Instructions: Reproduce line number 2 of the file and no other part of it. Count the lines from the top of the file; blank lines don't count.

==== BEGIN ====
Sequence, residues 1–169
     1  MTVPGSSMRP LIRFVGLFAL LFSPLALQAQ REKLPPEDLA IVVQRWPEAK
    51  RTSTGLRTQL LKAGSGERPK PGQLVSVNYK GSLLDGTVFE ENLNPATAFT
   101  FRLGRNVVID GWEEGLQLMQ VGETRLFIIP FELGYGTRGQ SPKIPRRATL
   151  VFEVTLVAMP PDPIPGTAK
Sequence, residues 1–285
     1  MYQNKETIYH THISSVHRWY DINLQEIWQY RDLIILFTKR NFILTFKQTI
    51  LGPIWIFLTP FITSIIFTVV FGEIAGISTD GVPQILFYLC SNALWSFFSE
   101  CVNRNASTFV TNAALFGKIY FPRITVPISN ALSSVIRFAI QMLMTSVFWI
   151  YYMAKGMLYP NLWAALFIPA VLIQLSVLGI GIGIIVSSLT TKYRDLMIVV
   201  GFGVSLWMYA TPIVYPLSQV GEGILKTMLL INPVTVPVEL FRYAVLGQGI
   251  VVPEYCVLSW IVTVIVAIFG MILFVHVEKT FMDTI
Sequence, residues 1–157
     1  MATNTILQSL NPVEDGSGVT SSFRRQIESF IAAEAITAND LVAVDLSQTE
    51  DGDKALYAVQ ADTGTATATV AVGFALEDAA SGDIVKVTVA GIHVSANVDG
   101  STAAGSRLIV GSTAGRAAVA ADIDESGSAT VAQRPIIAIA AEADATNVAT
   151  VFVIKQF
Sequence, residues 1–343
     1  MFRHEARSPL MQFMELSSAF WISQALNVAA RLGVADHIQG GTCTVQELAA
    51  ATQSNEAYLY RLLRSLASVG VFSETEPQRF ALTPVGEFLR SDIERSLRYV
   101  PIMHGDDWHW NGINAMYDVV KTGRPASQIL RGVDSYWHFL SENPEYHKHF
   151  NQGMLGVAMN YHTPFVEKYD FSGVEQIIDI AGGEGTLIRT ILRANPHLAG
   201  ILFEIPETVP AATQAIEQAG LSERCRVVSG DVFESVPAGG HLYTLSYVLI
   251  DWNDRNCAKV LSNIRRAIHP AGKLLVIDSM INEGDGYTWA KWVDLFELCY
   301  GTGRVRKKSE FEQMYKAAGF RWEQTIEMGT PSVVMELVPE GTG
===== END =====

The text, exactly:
     1  MTVPGSSMRP LIRFVGLFAL LFSPLALQAQ REKLPPEDLA IVVQRWPEAK